Balance and Parenting

I remember visiting my mother when I was a young mother of two.  I was so busy with the children. We were trying to go shopping together with the kids in tow.  As soon as we got the shopping cart ready, my daughter needed to go potty.  No more had I gotten her to finally go potty than I started smelling my son’s need for a diaper change.  Then of course he was hungry and needed to nurse.  All of this took time. By the time I caught back up to my mother, she had finished shopping and was ready to go home.  I had spent the whole shopping trip time in the bathroom with my kids.

I will never forget what she told me that day. She said, “don’t have any more children.”  I was shocked!  I asked her why she would say that, wondering all the while if she thought I was a bad mother.  She said, “because you are too good a mother.  There is no time left for you.” 

I didn’t fully understand that message from my mother except that I did decide to make a bit more time for myself and get a babysitter from time to time.  Today however, I can see the full impact of her statement. 

I believe I was too quick to resolve everything for my kids at times. My mom wasn’t just talking about feeding and changing the children. She saw that I was no longer shopping for myself nor taking care of myself. 

My kids were never allowed to be uncomfortable for long before I was making sure that their comfort was taken into consideration regardless of what I needed.  I know there were times I was on the phone and one or the other asked me to play and I immediately hung up so that I could make sure and be fully present with my child. 

I thought I was doing all the right things.  I wanted to be the perfect parent for my kids.  I mean, I watched my friends and their lives were dedicated to their kids and more over, I was also being scrutinized for what kind of parent I was by some of these same friendships. 

What I now know is that there is no such thing as a perfect parent. I was putting undue pressure on myself then to be the best and to create a perfect situation for my children.  All the while, I was putting myself last and not practicing self-care or doing the very things for myself that I was doing for my children. 

What I also know now is that we need to teach our children how to cope with being uncomfortable and not to immediately solve everything for them.  This is how they learn to cope with an imperfect world and the stressors associated with it.

As I see many parents of children, I notice that they are trying to bubble wrap their kids from any pain or discomfort.  I contend, that we are creating children who are unable to deal with stressors.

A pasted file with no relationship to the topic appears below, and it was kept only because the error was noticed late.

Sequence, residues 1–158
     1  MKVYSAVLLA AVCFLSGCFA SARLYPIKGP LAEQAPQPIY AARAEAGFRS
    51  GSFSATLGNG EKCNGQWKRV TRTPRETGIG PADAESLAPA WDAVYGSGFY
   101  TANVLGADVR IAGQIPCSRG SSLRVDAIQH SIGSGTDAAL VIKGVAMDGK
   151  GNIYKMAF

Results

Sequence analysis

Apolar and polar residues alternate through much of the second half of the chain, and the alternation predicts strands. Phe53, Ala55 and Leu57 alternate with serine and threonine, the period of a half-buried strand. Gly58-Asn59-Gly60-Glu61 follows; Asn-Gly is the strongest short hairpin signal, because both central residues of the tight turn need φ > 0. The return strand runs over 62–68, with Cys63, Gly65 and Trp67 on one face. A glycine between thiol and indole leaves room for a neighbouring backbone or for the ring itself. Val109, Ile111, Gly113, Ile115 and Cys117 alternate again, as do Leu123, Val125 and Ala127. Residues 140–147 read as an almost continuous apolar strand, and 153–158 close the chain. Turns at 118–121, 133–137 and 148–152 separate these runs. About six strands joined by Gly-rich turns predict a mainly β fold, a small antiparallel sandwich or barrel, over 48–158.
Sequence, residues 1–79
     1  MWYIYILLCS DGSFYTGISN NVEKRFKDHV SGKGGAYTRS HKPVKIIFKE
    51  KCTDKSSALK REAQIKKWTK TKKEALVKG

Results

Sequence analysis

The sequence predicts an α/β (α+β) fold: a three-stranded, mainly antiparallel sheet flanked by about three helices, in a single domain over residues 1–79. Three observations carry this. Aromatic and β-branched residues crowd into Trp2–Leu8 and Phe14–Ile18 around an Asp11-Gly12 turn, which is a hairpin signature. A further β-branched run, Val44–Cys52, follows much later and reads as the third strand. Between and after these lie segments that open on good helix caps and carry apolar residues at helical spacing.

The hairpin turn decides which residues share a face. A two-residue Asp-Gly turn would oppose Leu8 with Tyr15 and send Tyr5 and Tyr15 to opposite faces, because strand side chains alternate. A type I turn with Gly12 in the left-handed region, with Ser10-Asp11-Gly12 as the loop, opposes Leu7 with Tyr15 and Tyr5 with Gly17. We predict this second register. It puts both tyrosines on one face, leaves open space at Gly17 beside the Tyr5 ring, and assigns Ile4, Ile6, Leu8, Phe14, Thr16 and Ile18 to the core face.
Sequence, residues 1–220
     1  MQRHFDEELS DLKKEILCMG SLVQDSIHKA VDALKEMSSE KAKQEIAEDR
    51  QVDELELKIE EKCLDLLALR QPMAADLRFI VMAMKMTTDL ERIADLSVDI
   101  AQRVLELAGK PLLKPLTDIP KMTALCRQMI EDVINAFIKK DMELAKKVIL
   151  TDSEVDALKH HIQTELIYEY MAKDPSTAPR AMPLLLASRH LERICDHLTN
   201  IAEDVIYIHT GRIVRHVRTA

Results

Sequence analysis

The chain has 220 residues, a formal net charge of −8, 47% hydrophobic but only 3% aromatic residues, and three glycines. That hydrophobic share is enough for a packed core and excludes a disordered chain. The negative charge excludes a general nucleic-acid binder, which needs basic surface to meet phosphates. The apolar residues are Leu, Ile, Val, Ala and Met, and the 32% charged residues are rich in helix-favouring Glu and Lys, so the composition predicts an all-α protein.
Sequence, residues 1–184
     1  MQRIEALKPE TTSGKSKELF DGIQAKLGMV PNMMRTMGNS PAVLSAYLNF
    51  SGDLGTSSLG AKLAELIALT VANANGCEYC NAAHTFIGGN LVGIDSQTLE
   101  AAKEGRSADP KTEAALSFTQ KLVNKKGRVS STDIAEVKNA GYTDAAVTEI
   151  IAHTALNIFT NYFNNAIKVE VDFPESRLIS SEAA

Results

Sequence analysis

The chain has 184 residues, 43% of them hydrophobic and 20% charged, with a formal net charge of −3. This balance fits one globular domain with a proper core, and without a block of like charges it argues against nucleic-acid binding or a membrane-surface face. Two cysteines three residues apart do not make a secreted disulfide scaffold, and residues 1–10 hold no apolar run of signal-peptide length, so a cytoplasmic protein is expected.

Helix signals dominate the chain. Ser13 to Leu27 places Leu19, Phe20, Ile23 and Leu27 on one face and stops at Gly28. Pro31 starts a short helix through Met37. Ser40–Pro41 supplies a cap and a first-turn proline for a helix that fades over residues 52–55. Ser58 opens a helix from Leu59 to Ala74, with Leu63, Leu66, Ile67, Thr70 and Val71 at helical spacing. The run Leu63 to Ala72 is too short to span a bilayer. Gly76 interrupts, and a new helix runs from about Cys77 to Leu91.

It’s okay to let them try to handle a child size or teen size stressor.  That’s how they will learn to deal with adult stressors.  If we continue to buffer discomfort for our kids or to be ever present for them, we are doing them a disservice.  If we don’t allow them to self-advocate or problem solve, they won’t learn to do it and survive well without us. 

In our current era, we are seeing more young adults failing to launch and we wonder why that might be.  We compare ourselves to them and wonder why at those same ages, we were accomplishing so much more. 

When a child is left to never have some sort of stressor to motivate them to figure something out, they grow reliant on someone else to do it for them.  All the sudden they turn 18 however and our expectations are that they be as independent as we were at their age. 

This generation will not be like we were. Their lives have been so different.  Their stressors have been different.  They have more pressure from school than ever before and that has created anxiety for them, but they also have been protected from so much more. 

All this to say that what my mother was asking of me is to find a balance.  A balance for myself to remember I was a person too and needed to model self-care as well.  I needed to balance how quickly I responded to my children and allow them to figure some things out on their own.  I did take her advice and stopped with two children but even today, I stop to think about how much I am giving others and how much I might need to fill my own cup first.  If my cup is empty, there is nothing left to give anyone else.  Hopefully in that lesson, it’s trickled down to grow my own children into adults who care problem solve and self-advocate and become independent of me. 

Photo by Agung Pandit Wiguna on

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